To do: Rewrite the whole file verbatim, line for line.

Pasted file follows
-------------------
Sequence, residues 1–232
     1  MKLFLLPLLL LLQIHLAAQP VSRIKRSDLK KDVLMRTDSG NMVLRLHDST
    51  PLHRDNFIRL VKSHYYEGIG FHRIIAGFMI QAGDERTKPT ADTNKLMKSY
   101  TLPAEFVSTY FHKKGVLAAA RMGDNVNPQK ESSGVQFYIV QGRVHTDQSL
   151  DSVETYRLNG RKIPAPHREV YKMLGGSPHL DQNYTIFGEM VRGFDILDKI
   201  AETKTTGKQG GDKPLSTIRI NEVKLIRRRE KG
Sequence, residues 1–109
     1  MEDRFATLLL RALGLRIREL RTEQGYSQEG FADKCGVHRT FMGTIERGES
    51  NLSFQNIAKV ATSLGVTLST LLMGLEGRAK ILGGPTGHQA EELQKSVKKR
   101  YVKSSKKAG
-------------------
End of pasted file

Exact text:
Sequence, residues 1–232
     1  MKLFLLPLLL LLQIHLAAQP VSRIKRSDLK KDVLMRTDSG NMVLRLHDST
    51  PLHRDNFIRL VKSHYYEGIG FHRIIAGFMI QAGDERTKPT ADTNKLMKSY
   101  TLPAEFVSTY FHKKGVLAAA RMGDNVNPQK ESSGVQFYIV QGRVHTDQSL
   151  DSVETYRLNG RKIPAPHREV YKMLGGSPHL DQNYTIFGEM VRGFDILDKI
   201  AETKTTGKQG GDKPLSTIRI NEVKLIRRRE KG
Sequence, residues 1–109
     1  MEDRFATLLL RALGLRIREL RTEQGYSQEG FADKCGVHRT FMGTIERGES
    51  NLSFQNIAKV ATSLGVTLST LLMGLEGRAK ILGGPTGHQA EELQKSVKKR
   101  YVKSSKKAG